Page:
Kanban for increasing remote teamwork
In this challenging new environment where so many people are working remotely, lean has a lot to offer.
In the office, it’s easy to keep busy. Between meetings, giving your teammates a helping hand, and impromptu assignments, we often struggle to get through the tasks that are really important. Now that we are confined at home and working remotely, we have fewer distractions, but we are also giving off fewer signals. Even with digital tools like Trello, Slack and Zoom, it is hard to tell who is busy and who isn’t, who is making good progress and who is stuck, and when it makes sense to intervene.
It is natural to wonder who is busy and who has free time to take on new work. A better question, however, is who is working on tasks that create value, and how they know what is important. This question is the same whether we work in the office or remotely. Being (and looking) busy is not the same as creating value, but we easily lose track of this in a buzzing office, which gives us a false sense of accomplishment. This is not the case when everyone is working remotely, as I have realized over the past couple of weeks. Several people have shared their frustration with not knowing who is doing what, what they should be working on, or how to get the help they need when they need it. Tough times, as well, for managers who have to keep the flow of work going without the usual daily interactions and visual cues.
More than ever, Kanban is vital to maintain productive teamwork and increase people’s motivation. Kanban provides:
- clarity of what the next important task is for everyone,
- a way to balance resources and workload to avoid over or under burden,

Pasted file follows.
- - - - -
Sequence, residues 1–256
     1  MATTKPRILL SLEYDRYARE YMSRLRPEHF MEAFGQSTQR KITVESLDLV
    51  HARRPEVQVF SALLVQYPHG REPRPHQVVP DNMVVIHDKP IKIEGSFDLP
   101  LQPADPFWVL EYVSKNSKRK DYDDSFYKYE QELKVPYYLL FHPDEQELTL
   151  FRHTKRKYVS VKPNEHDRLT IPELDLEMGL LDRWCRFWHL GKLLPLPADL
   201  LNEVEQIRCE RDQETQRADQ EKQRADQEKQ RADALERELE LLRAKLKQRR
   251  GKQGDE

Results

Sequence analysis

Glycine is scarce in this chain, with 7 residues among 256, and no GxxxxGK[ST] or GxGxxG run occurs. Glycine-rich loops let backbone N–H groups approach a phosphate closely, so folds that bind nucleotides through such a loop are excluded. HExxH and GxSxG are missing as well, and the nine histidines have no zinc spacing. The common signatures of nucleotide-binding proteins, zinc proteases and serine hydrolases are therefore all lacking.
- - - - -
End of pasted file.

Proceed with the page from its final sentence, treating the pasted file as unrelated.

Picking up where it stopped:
- fast support when someone struggles (a chain of help), and
- a method for encouraging people to propose improvement ideas
The last point is particularly critical now, to prevent confinement from turning into isolation. I’m already starting to see signs of this!
For example, one leader was concerned because his Trello board showed some people with very few assigned tasks, while others had too many. One teammate had just one ongoing task on Trello, and the leader feared that she was bored. But when we dug deeper, we realized that she had four major assignments, even though three were not on Trello. Inactivity was not this person’s problem, far from it. She kept switching from task to task, trying to satisfy everyone, and not finishing anyone. It didn’t take long to convince the leader to use kanban in this context of remote working. This readiness to try something new surprised me since I had been trying to get the leader to adopt kanban in the office for several months. And this is when it dawned on me: when everyone is in the office, we gain a false sense of productivity from our busyness and lose sight of value. Kanban keeps our eye on the next value-adding task, inside and outside the office.